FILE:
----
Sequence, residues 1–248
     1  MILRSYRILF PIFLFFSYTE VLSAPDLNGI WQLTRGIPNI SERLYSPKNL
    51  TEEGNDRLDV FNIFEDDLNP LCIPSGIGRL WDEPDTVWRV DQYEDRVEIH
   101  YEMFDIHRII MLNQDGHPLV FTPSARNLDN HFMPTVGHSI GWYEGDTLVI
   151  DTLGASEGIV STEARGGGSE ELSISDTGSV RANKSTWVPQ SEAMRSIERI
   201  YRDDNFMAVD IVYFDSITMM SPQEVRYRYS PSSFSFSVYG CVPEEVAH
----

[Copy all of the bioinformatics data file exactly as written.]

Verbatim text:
Sequence, residues 1–248
     1  MILRSYRILF PIFLFFSYTE VLSAPDLNGI WQLTRGIPNI SERLYSPKNL
    51  TEEGNDRLDV FNIFEDDLNP LCIPSGIGRL WDEPDTVWRV DQYEDRVEIH
   101  YEMFDIHRII MLNQDGHPLV FTPSARNLDN HFMPTVGHSI GWYEGDTLVI
   151  DTLGASEGIV STEARGGGSE ELSISDTGSV RANKSTWVPQ SEAMRSIERI
   201  YRDDNFMAVD IVYFDSITMM SPQEVRYRYS PSSFSFSVYG CVPEEVAH